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OSU Has a Premium Product With its Wrestling Squad, Which Makes its Lack of Promotion Curious

Is OSU ignoring a chance to grow attendance and revenue with its wrestling program?

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I wrote a few weeks ago that OSU wrestling attendance has improved this season and is on pace to outdo last year’s numbers. In that research, I discovered that a nationally televised Bedlam dual with 6,836 attendees was the most attended athletic event on the campus of Oklahoma State University or the University of Oklahoma this school year that was not a football game.

This was prior to OU playing Creighton in its final non-conference home game, which had an estimated attendance of 4,480. So unless OSU basketball vs. Texas A&M Corpus Christi outdraws Bedlam wrestling, which is pretty unlikely considering this picture below was the crowd 10 minutes before tip in its last game vs. Central Arkansas, Bedlam wrestling will outdraw all non-conference basketball for the state’s two flagship universities this season.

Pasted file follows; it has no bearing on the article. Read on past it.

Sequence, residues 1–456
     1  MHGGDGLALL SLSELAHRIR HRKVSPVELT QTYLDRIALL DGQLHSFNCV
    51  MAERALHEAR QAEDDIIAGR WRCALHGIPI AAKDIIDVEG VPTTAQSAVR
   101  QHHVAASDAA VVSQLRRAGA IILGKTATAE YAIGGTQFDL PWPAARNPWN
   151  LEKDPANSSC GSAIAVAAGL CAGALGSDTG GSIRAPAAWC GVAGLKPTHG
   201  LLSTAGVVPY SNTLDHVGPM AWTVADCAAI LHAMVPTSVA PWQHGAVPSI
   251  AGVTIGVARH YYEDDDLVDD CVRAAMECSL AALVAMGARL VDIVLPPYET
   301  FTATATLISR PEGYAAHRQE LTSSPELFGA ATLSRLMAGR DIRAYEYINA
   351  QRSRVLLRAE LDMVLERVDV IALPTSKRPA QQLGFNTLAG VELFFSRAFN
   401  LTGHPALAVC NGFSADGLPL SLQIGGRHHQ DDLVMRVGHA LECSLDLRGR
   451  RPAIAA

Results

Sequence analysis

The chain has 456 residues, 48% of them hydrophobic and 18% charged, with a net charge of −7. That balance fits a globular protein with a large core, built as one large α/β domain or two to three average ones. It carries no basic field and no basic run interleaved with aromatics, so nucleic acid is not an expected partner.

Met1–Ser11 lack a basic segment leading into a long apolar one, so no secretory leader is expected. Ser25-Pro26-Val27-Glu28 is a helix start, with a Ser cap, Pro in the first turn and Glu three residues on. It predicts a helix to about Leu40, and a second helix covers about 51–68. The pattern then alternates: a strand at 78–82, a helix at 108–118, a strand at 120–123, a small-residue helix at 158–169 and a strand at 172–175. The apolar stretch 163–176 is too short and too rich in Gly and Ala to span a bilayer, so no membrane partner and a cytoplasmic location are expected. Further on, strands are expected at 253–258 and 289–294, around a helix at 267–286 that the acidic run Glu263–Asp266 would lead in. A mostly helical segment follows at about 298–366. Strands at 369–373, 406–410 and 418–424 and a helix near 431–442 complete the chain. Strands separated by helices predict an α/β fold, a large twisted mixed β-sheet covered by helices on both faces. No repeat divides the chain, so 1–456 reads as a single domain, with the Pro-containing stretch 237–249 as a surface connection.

In recent years wrestling attendance has been better at OSU than it has been traditionally. But that’s not merely an Oklahoma trend, wrestling attendance is up across the board nationally. In the 2017-18 season, it was its highest since at least 2001 when the Open Mat first started tracking attendance.

Meanwhile, Division I basketball attendance is trending in a different direction. Average attendance nationally has gone down every year since 2007, according to attendance records. Most know Oklahoma State is not exempt and has had attendance issues since the Eddie Sutton era. A lot of different fingers are pointed at why that is happening at OSU. It’s down across the board, and many believe the Thunder, TV availability, fan travel, performance, and many other things have driven that shift.

Wrestling, unlike basketball, is not a revenue sport. Even at OSU with a tradition-rich program, it is not likely to reach that popularity level any time soon. But college basketball in the state of Oklahoma is seemingly swimming upstream in its effort to get fans back in arenas. OSU wrestling does not have to fight those same battles.

Oklahoma State is a consensus top-5 program that is a little behind Penn State currently, but is probably never going to be out of the top five. It also has a wealth of support. It helps that OSU fans are never going to be watching a product that lacks talent or skill. It’s an entirely different sport, so it doesn’t have to battle with the Thunder for fans, too, whereas men’s and women’s basketball, to an extent, do.

OSU wrestling is the premier program in the state for this sport. If you’re an in-state wrestling fan, you’re probably an Oklahoma State fan. Also only about half of their events are available on TV, so fans really only have two options to watch. They can buy a subscription from FloWrestling or they can attend in person.